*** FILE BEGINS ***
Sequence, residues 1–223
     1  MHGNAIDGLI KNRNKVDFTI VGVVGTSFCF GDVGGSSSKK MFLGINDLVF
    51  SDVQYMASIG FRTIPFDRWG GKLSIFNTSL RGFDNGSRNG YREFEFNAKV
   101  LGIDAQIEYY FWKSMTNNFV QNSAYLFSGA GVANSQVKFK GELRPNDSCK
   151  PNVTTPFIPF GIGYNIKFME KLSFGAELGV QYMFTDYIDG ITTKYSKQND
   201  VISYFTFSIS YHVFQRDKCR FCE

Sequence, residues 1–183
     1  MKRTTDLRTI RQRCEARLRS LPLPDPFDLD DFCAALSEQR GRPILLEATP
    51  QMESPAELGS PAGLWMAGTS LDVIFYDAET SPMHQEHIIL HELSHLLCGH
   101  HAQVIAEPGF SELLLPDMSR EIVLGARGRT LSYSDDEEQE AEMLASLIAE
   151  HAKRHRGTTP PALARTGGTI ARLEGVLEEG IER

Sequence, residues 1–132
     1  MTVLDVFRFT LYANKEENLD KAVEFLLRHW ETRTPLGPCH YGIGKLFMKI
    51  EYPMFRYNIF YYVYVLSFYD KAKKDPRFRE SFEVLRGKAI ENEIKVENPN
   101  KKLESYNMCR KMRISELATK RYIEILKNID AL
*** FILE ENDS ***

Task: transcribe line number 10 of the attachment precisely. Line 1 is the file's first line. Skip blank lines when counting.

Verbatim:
   101  HAQVIAEPGF SELLLPDMSR EIVLGARGRT LSYSDDEEQE AEMLASLIAE